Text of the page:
Why you need to learn async in .NET

I had an opportunity to teach a quick class yesterday about what’s new in .NET 4.0.  One of the topics was the TPL (Task Parallel Library) and how it can make async programming easier.  I also stressed that this is the direction Microsoft is going with for C# 5.0 and learning the TPL will greatly benefit their understanding of the new async stuff.  We had a little time left over and I was able to show some code that uses the Async CTP to accomplish some stuff, but it wasn’t a simple demo that you could jump in to and understand so I thought I’d thrown one together and put it in a blog post.

The entire solution file with all of the sample projects is located here.

A Simple Example

timerform

Let’s start with a super-simple example (WindowsApplication01 in the solution). I’ve got a form that displays a label and a button.  When the user clicks the button, I want to start displaying the current time for 15 seconds and then stop. What I’d like to write is this:

lblTime.ForeColor = Color.Red;
for (var x = 0; x < 15; x++)
{
    lblTime.Text = DateTime.Now.ToString("HH:mm:ss");
    Thread.Sleep(1000);
}
lblTime.ForeColor = SystemColors.ControlText;

(Note that I also changed the label’s color while counting – not quite an ILM-level effect, but it adds something to the demo!)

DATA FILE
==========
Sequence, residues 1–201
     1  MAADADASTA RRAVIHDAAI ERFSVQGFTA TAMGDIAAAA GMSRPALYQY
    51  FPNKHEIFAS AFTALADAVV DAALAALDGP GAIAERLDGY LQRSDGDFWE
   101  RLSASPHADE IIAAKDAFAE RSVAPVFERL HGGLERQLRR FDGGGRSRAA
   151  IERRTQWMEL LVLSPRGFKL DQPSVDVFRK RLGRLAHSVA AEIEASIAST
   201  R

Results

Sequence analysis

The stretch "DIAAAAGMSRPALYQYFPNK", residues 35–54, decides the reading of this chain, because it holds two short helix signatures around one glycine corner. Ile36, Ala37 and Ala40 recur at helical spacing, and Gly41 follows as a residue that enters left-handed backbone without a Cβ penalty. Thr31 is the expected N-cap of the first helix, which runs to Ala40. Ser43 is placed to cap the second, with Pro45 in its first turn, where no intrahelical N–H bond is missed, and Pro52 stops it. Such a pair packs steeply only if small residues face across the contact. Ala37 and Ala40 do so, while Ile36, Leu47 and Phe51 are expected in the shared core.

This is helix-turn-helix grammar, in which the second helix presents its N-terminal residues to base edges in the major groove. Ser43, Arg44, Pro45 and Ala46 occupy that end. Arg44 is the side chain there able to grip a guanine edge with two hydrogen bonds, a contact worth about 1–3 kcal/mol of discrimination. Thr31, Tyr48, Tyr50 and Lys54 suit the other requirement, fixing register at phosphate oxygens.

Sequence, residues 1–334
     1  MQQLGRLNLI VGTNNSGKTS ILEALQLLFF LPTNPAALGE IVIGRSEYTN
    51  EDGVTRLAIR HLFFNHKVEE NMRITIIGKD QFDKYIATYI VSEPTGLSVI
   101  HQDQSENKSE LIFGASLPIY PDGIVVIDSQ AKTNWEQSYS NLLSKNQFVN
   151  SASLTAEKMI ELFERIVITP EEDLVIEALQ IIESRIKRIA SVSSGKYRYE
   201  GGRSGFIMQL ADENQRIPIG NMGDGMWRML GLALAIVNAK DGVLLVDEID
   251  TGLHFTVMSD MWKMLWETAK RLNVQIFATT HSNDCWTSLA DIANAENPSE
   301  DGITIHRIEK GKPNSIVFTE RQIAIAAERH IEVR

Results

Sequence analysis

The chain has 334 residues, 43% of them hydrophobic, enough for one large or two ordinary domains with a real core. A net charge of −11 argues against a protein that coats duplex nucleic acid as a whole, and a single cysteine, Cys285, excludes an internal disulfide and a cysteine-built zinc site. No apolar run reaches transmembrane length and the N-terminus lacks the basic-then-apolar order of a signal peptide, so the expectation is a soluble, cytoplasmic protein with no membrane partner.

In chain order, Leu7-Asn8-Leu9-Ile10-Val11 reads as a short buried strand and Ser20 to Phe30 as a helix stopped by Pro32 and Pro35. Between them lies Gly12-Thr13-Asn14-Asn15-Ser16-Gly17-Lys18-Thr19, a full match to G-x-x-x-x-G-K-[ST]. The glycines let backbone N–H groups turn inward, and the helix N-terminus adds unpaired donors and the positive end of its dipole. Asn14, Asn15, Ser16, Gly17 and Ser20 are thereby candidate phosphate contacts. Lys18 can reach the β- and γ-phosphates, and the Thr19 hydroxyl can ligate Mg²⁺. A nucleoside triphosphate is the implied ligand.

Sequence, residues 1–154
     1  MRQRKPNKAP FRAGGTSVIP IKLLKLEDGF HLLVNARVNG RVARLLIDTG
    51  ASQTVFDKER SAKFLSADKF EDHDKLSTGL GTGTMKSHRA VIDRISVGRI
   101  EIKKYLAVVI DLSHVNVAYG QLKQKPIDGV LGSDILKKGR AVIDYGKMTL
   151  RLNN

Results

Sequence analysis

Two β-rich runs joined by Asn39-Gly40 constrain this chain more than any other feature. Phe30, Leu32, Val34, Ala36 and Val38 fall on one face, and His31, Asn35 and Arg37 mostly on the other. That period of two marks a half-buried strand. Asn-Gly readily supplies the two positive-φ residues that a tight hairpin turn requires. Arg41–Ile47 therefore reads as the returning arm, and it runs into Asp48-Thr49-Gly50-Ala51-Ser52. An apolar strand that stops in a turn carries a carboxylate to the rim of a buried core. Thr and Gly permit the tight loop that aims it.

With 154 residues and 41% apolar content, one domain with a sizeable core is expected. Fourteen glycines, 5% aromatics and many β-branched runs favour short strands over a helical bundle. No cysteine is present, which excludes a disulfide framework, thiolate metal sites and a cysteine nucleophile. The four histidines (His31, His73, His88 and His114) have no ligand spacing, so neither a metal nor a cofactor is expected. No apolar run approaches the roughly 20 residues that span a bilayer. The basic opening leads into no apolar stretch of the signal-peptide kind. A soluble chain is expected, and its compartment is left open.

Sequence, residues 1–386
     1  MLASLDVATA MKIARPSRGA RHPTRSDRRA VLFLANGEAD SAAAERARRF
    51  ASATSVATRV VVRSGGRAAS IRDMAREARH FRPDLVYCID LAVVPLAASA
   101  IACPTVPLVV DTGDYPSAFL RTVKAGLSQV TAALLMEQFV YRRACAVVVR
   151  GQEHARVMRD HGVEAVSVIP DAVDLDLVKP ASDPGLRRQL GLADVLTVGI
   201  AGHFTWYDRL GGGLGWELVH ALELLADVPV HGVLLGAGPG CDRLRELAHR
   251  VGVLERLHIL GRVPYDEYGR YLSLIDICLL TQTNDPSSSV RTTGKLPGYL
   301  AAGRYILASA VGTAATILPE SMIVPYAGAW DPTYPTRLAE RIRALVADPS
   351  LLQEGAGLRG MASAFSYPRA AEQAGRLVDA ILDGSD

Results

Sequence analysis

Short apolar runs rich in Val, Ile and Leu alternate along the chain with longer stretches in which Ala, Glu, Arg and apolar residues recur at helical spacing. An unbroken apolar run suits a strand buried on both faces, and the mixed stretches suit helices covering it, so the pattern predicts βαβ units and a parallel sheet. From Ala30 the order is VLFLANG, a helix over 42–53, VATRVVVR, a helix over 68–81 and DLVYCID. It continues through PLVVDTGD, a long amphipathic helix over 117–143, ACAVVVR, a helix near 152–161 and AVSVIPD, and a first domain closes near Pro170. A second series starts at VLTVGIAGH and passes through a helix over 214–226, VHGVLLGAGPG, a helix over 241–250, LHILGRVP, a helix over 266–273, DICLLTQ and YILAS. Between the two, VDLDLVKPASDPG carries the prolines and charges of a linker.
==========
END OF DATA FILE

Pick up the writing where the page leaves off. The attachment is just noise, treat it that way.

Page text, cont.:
As I’m sure most of my readers are aware, you can’t write WinForms code this way.  WinForms apps, by default, only have one thread running and it’s main job is to process messages from the windows message pump (for a more thorough explanation, see my Visual Studio Magazine article on multithreading in WinForms).  If you put a Thread.Sleep in the middle of that code, your UI will be locked up and unresponsive for those 15 seconds.  Not a good UX and something that needs to be fixed.  Sure, I could throw an “Application.DoEvents()” in there, but that’s hacky.

The Windows Timer

Then I think, “I can solve that.  I’ll use the Windows Timer to handle the timing in the background and simply notify me when the time has changed”.  Let’s see how I could accomplish this with a Windows timer (WindowsApplication02 in the solution):

public partial class Form1 : Form
{
    private readonly Timer clockTimer;
    private int counter;
 
    public Form1()
    {
        InitializeComponent();
        clockTimer = new Timer {Interval = 1000};
        clockTimer.Tick += UpdateLabel;
    }
 
    private void UpdateLabel(object sender, EventArgs e)
    {
        lblTime.Text = DateTime.Now.ToString("HH:mm:ss");
        counter++;
        if (counter == 15)
        {
            clockTimer.Enabled = false;
            lblTime.ForeColor = SystemColors.ControlText;
        }
    }
 
    private void cmdStart_Click(object sender, EventArgs e)
    {
        lblTime.ForeColor = Color.Red;
        counter = 0;
        clockTimer.Start();
    }
}

Holy cow – things got pretty complicated here.  I use the timer to fire off a Tick event every second.  Inside there, I can update the label.  Granted, I can’t use a simple for/loop and have to maintain a global counter for the number of iterations.  And my “end” code (when the loop is finished) is now buried inside the bottom of the Tick event (inside an “if” statement).  I do, however, get a responsive application that doesn’t hang or stop repainting while the 15 seconds are ticking away.